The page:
The most important thing is that the company’s main service is attractive and can reasonably act as a central hub in a diverse network of services. This can be the case for marketplace businesses that want to integrate additional services like savings, delivery tracking of different providers, peer-to-peer payments, coupon management for different brands etc. It is important that all the services combined offer the customer a recognizable added value. Customers should be led organically to another service through the use of one. The key question is: Does the app provider understand a customer’s everyday troubles and can address those with the super app? 

Of course, it is also important to have an intimate knowledge of your own customer base, as well as the size and nature of the target market. Perhaps there are certain regulations that a super app provider must observe. Perhaps there are customer preferences in terms of payment methods that need consideration.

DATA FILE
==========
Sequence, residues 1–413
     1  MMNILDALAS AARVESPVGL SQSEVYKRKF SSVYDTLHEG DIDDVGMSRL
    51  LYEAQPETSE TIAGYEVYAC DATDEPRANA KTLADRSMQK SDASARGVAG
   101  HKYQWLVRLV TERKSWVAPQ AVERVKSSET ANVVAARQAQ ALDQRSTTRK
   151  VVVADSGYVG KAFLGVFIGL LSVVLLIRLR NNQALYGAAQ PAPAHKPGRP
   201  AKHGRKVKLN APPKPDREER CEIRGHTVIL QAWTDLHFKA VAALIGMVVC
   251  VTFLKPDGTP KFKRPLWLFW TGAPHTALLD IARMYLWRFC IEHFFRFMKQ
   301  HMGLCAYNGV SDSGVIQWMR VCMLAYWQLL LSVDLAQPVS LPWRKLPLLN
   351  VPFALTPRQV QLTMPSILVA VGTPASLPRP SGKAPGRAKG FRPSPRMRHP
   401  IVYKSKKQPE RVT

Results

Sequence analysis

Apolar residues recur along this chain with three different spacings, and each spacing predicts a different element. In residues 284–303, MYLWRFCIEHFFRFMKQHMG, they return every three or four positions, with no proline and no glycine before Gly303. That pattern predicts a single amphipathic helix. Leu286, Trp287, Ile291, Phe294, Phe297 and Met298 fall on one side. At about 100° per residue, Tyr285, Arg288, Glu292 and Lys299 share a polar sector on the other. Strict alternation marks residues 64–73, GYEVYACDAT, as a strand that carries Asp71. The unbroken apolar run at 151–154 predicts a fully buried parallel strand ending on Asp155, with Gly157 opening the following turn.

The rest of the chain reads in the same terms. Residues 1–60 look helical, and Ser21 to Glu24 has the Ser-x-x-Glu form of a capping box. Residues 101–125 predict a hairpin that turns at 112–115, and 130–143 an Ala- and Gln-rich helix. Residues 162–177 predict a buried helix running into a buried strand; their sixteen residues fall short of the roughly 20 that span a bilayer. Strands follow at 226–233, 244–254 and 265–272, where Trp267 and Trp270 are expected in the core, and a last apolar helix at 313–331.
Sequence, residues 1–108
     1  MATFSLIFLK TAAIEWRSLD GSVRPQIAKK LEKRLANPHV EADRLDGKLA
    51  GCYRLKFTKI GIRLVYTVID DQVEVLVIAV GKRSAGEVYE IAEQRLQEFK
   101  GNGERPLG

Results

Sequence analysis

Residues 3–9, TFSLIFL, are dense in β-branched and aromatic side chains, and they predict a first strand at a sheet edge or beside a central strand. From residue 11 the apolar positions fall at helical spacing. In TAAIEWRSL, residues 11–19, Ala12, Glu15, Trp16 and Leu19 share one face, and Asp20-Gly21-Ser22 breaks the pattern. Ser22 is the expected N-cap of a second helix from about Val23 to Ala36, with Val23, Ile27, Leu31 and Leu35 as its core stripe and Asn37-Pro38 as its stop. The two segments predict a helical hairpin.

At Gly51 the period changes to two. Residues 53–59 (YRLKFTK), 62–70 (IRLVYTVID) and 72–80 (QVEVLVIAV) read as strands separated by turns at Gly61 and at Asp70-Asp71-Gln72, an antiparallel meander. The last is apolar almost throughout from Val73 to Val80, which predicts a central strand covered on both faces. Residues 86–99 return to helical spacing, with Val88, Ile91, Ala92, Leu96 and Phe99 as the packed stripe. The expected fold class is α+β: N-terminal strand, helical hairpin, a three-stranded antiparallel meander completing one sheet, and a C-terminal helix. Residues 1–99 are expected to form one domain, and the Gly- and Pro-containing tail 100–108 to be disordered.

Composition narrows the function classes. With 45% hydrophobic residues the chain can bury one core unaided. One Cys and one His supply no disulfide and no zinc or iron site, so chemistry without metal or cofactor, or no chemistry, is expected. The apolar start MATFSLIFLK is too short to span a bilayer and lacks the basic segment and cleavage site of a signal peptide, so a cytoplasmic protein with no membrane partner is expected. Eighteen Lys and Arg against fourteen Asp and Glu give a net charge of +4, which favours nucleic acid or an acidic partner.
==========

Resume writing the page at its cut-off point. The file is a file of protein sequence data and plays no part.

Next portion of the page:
Besides, it is important to realistically assess your own capacities and domain knowledge. Developing your own super app requires the complete setup of an infrastructure in which services from completely different domains can interact. 

Moreover, super app companies must guarantee unhindered information flows, data analytics and data security, both for customers and third-party partners, many of whom will be involved. Compliance measures are also the responsibility of the super app provider. What’s more, the system must be architected to be open to easily connect in new applets by partners. 

Advantages of Building a Super App

  • Greater control over functions and presentation of the app
  • Primary exposure of own brand and services
  • Best opportunities to generate higher customer loyalty and revenue
  • Data sovereignty and best data analytics options

Disadvantages of Building a Super App

  • Intimate market knowledge is necessary
  • Large development and infrastructure design effort